BruinX is the Research & Development arm of EDI. BruinX is an internal, multi-disciplinary think tank, dedicated to translating the best evidence and theory into practical, on the ground solutions that promote equal learning and working environments for all at UCLA.
Associate Vice Chancellor, BruinX
Devon W. Carbado
The Honorable Harry Pregerson Professor of Law
Devon Carbado is the inaugural Associate Vice Chancellor, BruinX, within UCLA’s Office of Equity, Diversity and Inclusion, and is also the Honorable Harry Pregerson Professor of Law at UCLA School of Law. He has won numerous teaching awards, including being elected Professor of the Year by the UCLA School of Law classes of 2000 and 2006 and received the Law School’s Rutter Award for Excellence in Teaching in 2003 and the University’s Distinguished Teaching Award, the Eby Award for the Art of Teaching in 2007. In 2005 AVC Carbado was named an inaugural recipient of the Fletcher Foundation Fellowship. Modeled on the Guggenheim fellowships, it is awarded to scholars whose work furthers the goals of Brown v. Board of Education. He served as Vice Dean for Faculty and Research at the School of Law from 2006-07, and again in 2009-10.
AVC Carbado writes in the areas of employment discrimination, criminal procedure, constitutional law, and identity, and is currently working on a series of articles on race, law, and police violence. AVC Carbado graduated from Harvard Law School in 1994 where he was editor-in-chief of the Harvard Black Letter Law Journal, a member of the Board of Student Advisors, and winner of the Northeast Frederick Douglass Moot Court Competition.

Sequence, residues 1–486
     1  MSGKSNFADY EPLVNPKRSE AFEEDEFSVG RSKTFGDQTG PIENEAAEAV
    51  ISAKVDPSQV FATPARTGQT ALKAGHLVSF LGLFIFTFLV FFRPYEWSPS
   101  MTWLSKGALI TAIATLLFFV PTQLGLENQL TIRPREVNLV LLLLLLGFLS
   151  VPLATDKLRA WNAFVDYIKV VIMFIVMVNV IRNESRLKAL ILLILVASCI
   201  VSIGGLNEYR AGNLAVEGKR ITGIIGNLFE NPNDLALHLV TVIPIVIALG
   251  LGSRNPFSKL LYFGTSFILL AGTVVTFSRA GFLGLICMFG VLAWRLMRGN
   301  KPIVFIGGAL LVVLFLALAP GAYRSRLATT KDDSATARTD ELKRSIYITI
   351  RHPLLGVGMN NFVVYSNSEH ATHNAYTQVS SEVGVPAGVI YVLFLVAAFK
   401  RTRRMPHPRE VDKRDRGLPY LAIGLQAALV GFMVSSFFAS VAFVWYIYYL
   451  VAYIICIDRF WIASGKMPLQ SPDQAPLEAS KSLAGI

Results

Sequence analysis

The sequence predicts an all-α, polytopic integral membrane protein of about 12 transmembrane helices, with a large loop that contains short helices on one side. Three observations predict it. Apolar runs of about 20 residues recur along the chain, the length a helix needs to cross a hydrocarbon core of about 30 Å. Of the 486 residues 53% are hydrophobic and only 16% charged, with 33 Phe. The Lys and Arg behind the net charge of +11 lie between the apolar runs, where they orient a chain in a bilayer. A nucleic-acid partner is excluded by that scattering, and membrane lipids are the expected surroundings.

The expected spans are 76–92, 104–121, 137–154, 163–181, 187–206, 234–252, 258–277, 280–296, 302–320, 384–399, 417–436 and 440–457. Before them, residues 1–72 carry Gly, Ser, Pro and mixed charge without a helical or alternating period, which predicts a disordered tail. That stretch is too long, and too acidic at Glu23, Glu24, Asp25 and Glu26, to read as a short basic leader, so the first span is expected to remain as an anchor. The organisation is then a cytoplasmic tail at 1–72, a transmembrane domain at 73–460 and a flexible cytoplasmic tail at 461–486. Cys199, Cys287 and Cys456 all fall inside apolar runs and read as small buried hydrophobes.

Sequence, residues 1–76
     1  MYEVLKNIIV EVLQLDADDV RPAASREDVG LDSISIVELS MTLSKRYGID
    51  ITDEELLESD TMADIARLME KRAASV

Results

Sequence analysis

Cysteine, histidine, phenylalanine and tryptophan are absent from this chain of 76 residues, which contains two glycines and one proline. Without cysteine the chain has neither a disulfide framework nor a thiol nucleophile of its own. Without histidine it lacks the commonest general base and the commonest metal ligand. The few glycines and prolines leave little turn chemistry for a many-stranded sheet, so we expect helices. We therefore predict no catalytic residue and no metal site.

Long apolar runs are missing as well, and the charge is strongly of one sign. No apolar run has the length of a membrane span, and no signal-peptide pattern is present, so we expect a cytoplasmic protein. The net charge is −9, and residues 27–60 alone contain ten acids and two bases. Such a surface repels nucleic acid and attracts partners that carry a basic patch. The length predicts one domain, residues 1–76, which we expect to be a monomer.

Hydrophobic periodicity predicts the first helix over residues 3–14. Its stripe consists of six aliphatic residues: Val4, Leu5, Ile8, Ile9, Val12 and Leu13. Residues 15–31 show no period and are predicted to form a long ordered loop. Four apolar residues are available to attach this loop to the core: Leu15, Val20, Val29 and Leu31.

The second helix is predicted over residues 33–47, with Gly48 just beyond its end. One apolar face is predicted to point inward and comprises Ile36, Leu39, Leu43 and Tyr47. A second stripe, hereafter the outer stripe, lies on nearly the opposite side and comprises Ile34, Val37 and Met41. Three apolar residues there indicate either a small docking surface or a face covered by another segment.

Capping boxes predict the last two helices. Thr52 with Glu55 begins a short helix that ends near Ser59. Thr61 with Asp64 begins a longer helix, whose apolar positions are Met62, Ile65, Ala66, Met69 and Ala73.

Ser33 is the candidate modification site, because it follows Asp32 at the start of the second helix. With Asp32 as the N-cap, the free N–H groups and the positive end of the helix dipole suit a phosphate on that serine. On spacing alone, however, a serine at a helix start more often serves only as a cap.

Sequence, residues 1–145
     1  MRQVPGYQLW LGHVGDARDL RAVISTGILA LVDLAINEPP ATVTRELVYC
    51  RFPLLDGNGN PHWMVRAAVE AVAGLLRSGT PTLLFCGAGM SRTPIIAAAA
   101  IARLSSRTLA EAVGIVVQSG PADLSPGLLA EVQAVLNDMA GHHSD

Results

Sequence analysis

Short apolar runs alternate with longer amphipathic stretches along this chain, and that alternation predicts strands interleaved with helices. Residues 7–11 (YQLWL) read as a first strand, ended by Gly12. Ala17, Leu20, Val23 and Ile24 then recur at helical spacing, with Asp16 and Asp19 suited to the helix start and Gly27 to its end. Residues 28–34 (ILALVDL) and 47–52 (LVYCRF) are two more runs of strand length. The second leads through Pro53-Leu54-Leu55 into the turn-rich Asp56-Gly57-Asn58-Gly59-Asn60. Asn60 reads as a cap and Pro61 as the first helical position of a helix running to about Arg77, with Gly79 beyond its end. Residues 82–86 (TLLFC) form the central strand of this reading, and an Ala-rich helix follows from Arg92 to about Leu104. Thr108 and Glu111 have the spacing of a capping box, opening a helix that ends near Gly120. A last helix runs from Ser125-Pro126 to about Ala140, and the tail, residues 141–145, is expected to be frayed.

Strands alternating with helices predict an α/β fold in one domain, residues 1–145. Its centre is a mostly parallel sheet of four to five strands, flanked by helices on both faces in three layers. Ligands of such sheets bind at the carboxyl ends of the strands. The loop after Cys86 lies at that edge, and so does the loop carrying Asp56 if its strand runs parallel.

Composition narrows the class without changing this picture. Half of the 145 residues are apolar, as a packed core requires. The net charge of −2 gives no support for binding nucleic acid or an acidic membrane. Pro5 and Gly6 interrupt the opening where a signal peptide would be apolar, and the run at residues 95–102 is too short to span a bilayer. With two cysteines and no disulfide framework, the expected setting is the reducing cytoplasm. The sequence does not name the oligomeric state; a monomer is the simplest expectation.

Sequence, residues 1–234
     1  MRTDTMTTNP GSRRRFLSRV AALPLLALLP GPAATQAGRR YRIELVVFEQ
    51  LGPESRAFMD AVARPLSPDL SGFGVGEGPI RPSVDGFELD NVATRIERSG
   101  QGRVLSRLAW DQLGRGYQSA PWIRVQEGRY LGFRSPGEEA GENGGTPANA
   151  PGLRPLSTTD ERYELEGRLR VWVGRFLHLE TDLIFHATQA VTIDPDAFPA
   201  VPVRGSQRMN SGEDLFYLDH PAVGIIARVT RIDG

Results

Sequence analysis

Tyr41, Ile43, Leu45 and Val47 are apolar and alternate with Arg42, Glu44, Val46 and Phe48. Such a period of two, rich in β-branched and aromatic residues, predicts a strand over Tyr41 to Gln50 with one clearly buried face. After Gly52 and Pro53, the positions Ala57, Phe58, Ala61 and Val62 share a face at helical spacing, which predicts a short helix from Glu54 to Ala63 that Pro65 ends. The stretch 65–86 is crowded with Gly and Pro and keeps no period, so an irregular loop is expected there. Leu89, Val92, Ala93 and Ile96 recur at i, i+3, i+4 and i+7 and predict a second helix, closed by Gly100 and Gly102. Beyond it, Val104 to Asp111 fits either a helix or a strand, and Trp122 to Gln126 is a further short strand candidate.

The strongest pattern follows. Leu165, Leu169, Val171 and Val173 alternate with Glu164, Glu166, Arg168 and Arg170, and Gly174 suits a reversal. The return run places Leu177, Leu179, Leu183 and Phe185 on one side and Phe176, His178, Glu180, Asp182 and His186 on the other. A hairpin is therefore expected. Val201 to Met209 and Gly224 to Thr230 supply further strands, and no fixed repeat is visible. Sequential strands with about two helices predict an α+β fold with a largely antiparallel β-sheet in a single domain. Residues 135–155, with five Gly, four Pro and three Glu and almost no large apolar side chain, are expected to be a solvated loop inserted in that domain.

Dr. Evelyn Carter received her Ph.D. in Social Psychology from Indiana University, where her research focused on how people detect cues to racial bias and discuss bias across group lines. After graduation, she received funding from the National Science Foundation to continue her research as a postdoctoral scholar at Purdue University. There, she investigated successful racial bias confrontation strategies and ways that language can subtly reinforce harmful gender stereotypes. Her work has been published in academic journals such as Social Cognition and Social and Personality Psychology Compass, and she regularly presents at conferences and universities across the country.
Evelyn’s current focus is on using social science research to help create and sustain equity, diversity, and inclusion on college campuses. She has substantial experience in this area, having led collaborative teams of university administrators, faculty, and students to develop, implement, and evaluate evidence-based programs at five different universities.
Mr. Feingold received his J.D. from UCLA School of Law, where he graduated with a specialization in Critical Race Studies. After graduating, Jonathan joined Sidley Austin LLP as an associate in the firm’s Los Angeles office. He subsequently clerked for the Honorable Richard C. Wesley of the United States Court of Appeals for the Second Circuit and the Honorable Dale S. Fischer of the United States District Court for the Central District of California.